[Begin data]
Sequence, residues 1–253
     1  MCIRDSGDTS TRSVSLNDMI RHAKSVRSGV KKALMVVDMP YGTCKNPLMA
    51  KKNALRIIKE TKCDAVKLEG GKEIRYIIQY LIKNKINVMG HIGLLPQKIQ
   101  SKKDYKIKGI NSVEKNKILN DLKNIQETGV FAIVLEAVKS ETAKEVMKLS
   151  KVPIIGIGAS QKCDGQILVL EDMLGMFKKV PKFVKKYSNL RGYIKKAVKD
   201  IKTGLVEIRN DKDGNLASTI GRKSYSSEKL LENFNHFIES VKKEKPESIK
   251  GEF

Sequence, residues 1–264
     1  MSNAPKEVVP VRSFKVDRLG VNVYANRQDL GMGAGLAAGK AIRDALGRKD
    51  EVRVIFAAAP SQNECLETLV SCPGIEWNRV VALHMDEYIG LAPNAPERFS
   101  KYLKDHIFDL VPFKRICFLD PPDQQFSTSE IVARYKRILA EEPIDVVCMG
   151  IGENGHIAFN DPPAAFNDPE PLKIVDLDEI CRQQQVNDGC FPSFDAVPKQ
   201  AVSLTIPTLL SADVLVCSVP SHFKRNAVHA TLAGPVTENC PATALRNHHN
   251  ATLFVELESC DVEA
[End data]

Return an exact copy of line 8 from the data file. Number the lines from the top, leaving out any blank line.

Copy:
Sequence, residues 1–264